Psalm 35 is unique within the book of Psalms. Together with Psalm 34, it is the only place the angel of the Lord is mentioned. The plea is for the enemy to become worthless, useless, weak, chaff. The psalmist begs for the way of the enemy to be darkened and treacherous. The whole plot to disarm the enemy is done by the angel of the Lord.

Injustice should lead our hearts to lament and pray. Our emotions should rise with the stories of pain and suffering. These psalms give voice to the Spirit that stirs within us, “Contend, Lord, with those who contend with me!”

The desire to defend the weak is good and righteous. We are called to seek justice in every area of our lives. Let us seek God as we pray for his will to be done. When we are cornered and afraid, let us call upon God to impart perfect justice as only he can.

Federico reminds us: “Human justice is very imperfect…The imprecatory prayers become expressions of trust in God our Father who is not only powerful but is just and loving. It brings comfort to those who are weak and oppressed, who have no one else to go to but God. It also serves as a strong warning for the oppressors. There is a God who fights for the right of the weak.”

Divine Hours Prayer: The Refrain for the Morning Lessons
Let not those who hope in you be put to shame through me, Lord God of hosts; let not those who seek you be disgraced because of me, O God of Israel. — Psalm 69.7

– From The Divine Hours: Prayers for Summertime by Phyllis Tickle.

Today’s Readings
1 Kings 15 (Listen 5:30)
Psalms 35 (Listen 3:21)

Read more about Miracles of Deliverance and Judgment
In a warzone, however, wickedness removes its disguises…The lies of wicked rulers corrupt those around them and cost lives.

Read more about An Imprecatory Psalm for Mass Shootings
The imprecatory psalms and our angry prayers in crisis are still valuable to God.

Prayer for Enemies

Psalm 35.12-13
They repay me evil for good
   and leave me like one bereaved.
Yet when they were ill, I put on sackcloth
   and humbled myself with fasting.

Reflection: Prayer for Enemies
By John Tillman

How quickly do we celebrate our enemies’ sufferings? Should we, rather, pray for them instead?

In today’s reading from Psalms, David describes a scenario in which he hears of a sickness that has struck his enemies. Instead of leaping for joy, or wishing for prolonged or worsening suffering on them as we might expect, the man after God’s own heart takes to his knees in prayer on behalf of his enemy.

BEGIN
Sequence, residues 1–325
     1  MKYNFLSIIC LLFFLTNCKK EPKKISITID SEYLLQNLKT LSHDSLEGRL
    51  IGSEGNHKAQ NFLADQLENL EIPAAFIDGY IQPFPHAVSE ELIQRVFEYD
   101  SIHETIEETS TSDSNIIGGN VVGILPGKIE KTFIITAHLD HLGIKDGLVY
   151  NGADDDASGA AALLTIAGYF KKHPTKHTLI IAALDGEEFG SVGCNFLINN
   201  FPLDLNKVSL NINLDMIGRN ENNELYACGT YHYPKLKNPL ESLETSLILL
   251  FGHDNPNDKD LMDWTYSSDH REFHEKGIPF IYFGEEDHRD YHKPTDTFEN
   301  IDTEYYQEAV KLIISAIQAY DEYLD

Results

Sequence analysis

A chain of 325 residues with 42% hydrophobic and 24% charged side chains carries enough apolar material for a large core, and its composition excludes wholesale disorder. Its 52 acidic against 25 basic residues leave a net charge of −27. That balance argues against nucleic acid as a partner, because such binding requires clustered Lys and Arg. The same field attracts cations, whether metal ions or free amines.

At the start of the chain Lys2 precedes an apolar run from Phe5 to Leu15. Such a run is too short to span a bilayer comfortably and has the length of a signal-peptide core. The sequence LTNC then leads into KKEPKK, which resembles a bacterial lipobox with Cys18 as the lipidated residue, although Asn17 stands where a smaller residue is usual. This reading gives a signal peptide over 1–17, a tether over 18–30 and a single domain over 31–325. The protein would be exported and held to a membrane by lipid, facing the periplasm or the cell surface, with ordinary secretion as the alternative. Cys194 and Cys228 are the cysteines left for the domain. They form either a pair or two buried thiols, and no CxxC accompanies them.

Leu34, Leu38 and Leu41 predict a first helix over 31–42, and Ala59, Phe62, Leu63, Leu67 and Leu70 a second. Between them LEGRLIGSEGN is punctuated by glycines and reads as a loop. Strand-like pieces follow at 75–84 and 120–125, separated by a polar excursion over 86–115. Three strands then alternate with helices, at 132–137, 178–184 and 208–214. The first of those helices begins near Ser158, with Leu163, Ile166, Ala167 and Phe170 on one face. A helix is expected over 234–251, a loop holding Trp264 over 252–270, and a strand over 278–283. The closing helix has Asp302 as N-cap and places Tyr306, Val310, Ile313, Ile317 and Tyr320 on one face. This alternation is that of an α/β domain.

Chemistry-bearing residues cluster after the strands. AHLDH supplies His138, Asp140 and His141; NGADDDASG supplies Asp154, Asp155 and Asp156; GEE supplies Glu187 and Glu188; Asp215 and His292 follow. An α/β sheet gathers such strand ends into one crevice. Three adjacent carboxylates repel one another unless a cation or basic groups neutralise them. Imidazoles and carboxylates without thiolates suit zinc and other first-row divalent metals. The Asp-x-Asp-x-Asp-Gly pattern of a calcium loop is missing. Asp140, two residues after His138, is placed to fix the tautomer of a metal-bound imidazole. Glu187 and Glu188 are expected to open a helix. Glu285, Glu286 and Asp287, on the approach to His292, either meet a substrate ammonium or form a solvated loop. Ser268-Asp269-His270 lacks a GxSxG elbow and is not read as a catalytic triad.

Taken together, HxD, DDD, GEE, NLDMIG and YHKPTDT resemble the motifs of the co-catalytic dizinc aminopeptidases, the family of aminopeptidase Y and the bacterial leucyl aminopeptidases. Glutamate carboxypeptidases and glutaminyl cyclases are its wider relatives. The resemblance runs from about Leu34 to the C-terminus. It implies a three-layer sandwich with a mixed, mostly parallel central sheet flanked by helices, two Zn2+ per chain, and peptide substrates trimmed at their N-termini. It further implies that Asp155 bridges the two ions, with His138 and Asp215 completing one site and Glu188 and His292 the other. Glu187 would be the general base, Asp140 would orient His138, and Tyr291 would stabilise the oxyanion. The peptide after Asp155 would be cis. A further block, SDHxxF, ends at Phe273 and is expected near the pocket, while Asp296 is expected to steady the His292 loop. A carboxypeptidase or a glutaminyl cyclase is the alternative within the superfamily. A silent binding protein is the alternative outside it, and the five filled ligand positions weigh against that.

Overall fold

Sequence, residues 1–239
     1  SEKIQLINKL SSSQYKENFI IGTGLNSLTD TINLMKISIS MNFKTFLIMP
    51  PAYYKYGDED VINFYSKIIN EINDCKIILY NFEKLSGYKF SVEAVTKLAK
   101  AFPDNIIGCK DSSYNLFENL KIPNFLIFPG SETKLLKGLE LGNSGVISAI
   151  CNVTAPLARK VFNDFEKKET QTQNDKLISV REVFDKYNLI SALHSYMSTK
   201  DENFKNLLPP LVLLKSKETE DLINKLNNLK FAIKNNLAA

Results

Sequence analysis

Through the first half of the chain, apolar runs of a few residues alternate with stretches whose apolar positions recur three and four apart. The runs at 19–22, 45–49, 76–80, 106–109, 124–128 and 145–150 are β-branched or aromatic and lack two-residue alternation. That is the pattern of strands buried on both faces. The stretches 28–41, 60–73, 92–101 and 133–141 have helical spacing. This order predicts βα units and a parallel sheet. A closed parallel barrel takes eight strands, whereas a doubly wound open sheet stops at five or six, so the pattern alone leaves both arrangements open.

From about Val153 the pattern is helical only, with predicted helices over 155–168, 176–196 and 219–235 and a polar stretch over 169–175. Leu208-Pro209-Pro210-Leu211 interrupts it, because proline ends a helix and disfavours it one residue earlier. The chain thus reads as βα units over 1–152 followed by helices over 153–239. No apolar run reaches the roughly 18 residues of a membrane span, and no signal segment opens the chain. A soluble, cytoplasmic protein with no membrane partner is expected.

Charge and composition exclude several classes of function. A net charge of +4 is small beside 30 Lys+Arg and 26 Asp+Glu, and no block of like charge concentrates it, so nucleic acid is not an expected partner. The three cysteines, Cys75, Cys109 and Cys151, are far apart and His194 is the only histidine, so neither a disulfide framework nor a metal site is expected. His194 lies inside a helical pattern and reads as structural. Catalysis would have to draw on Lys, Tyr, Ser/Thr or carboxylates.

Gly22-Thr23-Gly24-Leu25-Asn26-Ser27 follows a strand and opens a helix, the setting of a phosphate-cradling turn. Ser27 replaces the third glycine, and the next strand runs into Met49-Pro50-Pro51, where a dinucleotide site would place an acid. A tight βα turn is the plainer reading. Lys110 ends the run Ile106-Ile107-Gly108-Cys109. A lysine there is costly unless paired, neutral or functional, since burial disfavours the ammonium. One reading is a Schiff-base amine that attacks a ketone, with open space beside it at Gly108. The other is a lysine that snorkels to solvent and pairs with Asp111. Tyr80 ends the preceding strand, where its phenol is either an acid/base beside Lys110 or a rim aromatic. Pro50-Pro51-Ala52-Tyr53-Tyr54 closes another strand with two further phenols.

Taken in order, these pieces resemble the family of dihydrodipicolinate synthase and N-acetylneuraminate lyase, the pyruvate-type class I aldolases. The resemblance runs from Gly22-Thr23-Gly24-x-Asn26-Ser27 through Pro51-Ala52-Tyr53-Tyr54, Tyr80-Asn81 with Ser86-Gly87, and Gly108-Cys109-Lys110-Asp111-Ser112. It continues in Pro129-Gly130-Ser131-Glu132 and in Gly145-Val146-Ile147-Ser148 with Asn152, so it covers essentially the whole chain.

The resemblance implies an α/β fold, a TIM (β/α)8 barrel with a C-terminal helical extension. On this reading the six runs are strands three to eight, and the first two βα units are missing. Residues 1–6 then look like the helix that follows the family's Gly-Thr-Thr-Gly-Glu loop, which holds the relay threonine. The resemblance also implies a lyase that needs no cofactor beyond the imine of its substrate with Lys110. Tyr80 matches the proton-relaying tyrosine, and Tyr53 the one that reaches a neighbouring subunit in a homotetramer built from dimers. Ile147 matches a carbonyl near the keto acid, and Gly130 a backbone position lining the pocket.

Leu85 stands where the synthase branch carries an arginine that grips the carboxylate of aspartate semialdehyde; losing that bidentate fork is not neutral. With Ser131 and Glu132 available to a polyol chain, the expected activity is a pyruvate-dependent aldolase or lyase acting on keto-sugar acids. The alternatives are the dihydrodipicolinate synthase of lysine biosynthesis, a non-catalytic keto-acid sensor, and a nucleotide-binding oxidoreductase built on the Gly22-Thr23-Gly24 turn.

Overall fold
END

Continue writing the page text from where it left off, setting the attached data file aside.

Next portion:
In his commentary on the Psalms, Charles Haddon Spurgeon conjectures that this psalm may have been written during the time in which David was both fleeing from Saul and, simultaneously, continuing to support the king.

David had been a man of sympathy; he had mourned when Saul was in ill health, putting on the weeds of sorrow for him as though he were a near and dear friend. His heart went into mourning for his sick master. He prayed for his enemy and made the sick man’s case his own, pleading and confessing as if his own personal sin had brought on the evil.

Some may think it strange to pray for one who seems irredeemable; one who rejects any criticism and leans on pride. But this is just the kind of person David prays for.

David models for us in this psalm the essence of what Christ teaches about loving one’s enemies as oneself. Jesus is echoing David when he commands his followers to love their enemies and forgive those who do wrong to us.

We need not worry about prayers being wasted, no matter their subject. According to Spurgeon, “Prayer is never lost. If it bless not those for whom intercession is made, it shall bless the intercessors.”

May we redouble our efforts to pray for our communities and our leaders. We may pray for the “worthy,” knowing in our hearts that none truly are worthy, and that even the Pharisees loved those who loved them. But let us make special efforts to pray for the “unworthy.” Let us pray with renewed commitment for our enemies, our villains, our heretics, our corrupt officials, our attackers, and those who scoff at the mention of prayer.

When we do, we are following most closely in the footsteps of Jesus, coming close to the heart of God as David did, and following the emotional journey of God, who while we were sinners demonstrated his love for us through Christ.

Prayer: The Refrain for the Morning Lessons
I will bear witness that the Lord is righteous; I will praise the Name of the Lord Most High. — Psalm 7.18

– From The Divine Hours: Prayers for Springtime by Phyllis Tickle.

Today’s Readings
Numbers 1 (Listen – 6:21) 
Psalm 35 (Listen – 3:21)

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He was willing to die to save the idol-worshiping sailors in the boat, but when Nineveh repented and wasn’t destroyed, Jonah pouted like a child for the destruction of his enemies.

Read more about Daily Bread for Others :: Worldwide Prayer
We pray for people throughout the world who suffer either from hunger, disease, war, or other calamities, that they may find relief in you, because, wherever you went Jesus, you did good.